It's kind of interesting when you look at Layman Pang's life, you realize that Pang was more of a monk, in a sense, than many of the monks. A lot of the monks in China at that time were very close to the aristocracy. They had lots of wealth and ambition and freedom. They were hardly people who had taken vows of poverty and were living alone on a mountain. Layman Pang on the other hand came from a wealthy family and was a very successful merchant himself. Even very early in his life, in spite of the fact that he was a successful merchant, on the piece of property that he owned he had a hermitage that he used to go to and spend most of his time. He had a wife and two children—a boy and a girl. He spent a lot of time in his hermitage, studying Buddhist texts and meditating, and then at some point he started visiting a couple of monasteries. He had an enlightenment experience under Sekito. He stayed there for a short while. Then he went to visit the great Master Basso, had a deep experience with Basso and stayed there a couple of years, received the transmission of Basso—so there was a precedent right there—he actually received transmission. And after his enlightenment experience with Sekito, Sekito asked him, "Will you now dye your robes?" In other words, will you trade in your white robe of the lay practitioner and become a monk? And he said he had no intention of doing that. He wishes to stay as a layman. He also spent seventeen years with Yakusan it's said. That's this case right here. So he got an incredible amount of training from Yakusan and that's in our lineage, by the way, the Soto lineage, that came out of Yakusan.

At one point in his life he sold his house, gave his house to the village to have it made into a temple is actually what he did. He took all his worldly possessions and rowed them out to the middle of a lake and sank the boat. People wondered why didn't he give them to somebody who needed them? He really felt that possessions, material wealth, polluted the mind and created delusion, and he didn't want to give that to anybody. So he just sank it. It doesn't say very much what was going on with his wife, what she had to say about this whole thing. The account is basically about Layman Pang and you hear a little bit about his wife and daughter. His daughter used to defeat him all the time in dharma combat. The three of them would sit around the kitchen table having dharma combat. There are a couple of koans that appear in "Koans of the Way of Reality" that deal with that. He made his living selling baskets and made enough money for food. He was basically a wanderer. He wandered from monastery to monastery. When he needed money he'd sell a few baskets and buy some food. He had no worldly possessions and, if anything is cloud and water—the description of a monk—Layman Pang fit that description.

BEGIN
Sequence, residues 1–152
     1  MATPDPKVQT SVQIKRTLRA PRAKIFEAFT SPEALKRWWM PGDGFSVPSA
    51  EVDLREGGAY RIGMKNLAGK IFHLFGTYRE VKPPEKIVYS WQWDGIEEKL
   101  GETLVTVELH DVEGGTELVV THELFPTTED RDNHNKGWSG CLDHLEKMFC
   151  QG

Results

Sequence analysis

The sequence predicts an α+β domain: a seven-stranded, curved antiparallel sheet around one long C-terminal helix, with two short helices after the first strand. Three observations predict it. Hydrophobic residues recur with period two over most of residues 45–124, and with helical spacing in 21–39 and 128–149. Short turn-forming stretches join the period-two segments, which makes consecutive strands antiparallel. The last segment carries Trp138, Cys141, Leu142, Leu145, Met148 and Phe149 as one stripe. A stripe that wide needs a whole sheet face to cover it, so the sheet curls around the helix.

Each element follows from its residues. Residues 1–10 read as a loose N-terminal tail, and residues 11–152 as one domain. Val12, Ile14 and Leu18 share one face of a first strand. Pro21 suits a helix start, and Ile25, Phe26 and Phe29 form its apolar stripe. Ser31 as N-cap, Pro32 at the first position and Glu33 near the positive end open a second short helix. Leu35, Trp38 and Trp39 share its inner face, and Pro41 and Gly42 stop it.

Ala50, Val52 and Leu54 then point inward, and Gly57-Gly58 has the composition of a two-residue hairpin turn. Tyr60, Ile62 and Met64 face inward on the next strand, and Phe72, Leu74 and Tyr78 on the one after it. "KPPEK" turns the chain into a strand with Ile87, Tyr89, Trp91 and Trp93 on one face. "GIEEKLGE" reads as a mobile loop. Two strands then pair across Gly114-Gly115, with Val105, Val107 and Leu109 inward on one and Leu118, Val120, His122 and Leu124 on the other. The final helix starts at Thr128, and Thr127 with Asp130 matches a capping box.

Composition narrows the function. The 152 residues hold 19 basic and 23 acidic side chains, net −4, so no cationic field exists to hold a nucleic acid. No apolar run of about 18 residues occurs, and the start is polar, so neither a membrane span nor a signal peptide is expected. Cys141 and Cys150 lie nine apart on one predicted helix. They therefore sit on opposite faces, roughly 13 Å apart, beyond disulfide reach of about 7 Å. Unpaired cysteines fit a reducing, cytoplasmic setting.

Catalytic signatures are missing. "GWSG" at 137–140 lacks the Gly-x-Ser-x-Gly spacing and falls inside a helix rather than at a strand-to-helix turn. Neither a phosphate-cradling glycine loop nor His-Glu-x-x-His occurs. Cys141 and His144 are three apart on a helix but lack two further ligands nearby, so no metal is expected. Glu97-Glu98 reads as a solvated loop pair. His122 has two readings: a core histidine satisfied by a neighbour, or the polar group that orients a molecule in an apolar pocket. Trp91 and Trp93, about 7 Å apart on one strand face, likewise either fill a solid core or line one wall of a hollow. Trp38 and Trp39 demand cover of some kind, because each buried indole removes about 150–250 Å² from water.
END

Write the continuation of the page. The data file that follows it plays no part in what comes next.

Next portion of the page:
So when you look at the history of lay practice in Mahayana Buddhism, although we speak of it a lot, essentially there isn't any. The history of lay practice is being born in the West. It never existed before. And when you look at what's happening in the West in terms of lay practice, most lay practice centers are based on and built around the Zazenkai, that is evening sittings and periodic sesshins. If they're in a Rinzai lineage there's koan study and face-to-face teaching with the teacher. If it's Soto lineage, there's not even any kind of specific training other than zazen, and there's no intent to transmit. In the Rinzai lineage, there is the intent to transmit. It's possible for a lay practioner—and there are example of them—to receive transmission, just like Basso and Layman Pang. To date, probably Yamada Roshi—who is a modern lay practition—before he died . . . he was director of a hospital and took over Yasutani Roshi's Zazenkai . . . he's probably transmitted to ten lay practitioners, and among them are several priests in the Catholic church. What was transmitted was the lay lineage that he received from Yasutani, not a priestly lineage. So they're still Catholic priests, but they're Zen masters. One of the people he transmitted to was Aitken Roshi, and Aitken Roshi by now probably has transmitted to about seven people, and is still teaching. Koryu Roshi, who is in our lineage—my dharma grandfather—was a lay Zen master, and he transmitted to four or five people, one of them Maezumi Roshi.

But the basic form has remained, that kind of skimpy zazenkai, periodic sitting and periodic sesshin and study with the teacher. When we came into existence here, the question came up how to deal with lay practice. One of the things that needs to be considered when you look at lay practice is the time element. People have to travel to get here. People have home responsibilities. People have families, a limited amount of money to do retreats and travel great distances. Taking that into account, you have a choice of diluting the training, in other words make a training that's less than you would normally do in order to accommodate the people who can't do more, and that's basically the form that's in existence, or you can take the most rigorous and extensive training program that you can design and create methods for making it accessible to people who don't live close to the monastery or don't have the amount of time. What you need to do in order to do that is create support groups and methods and systems in order to conduct the training, and of course the training is going to take a little bit longer than if you're doing it full time every day. If you're doing it part time and away from a center and a teacher, the amount of exposure to koan study and so on is less, with less time available.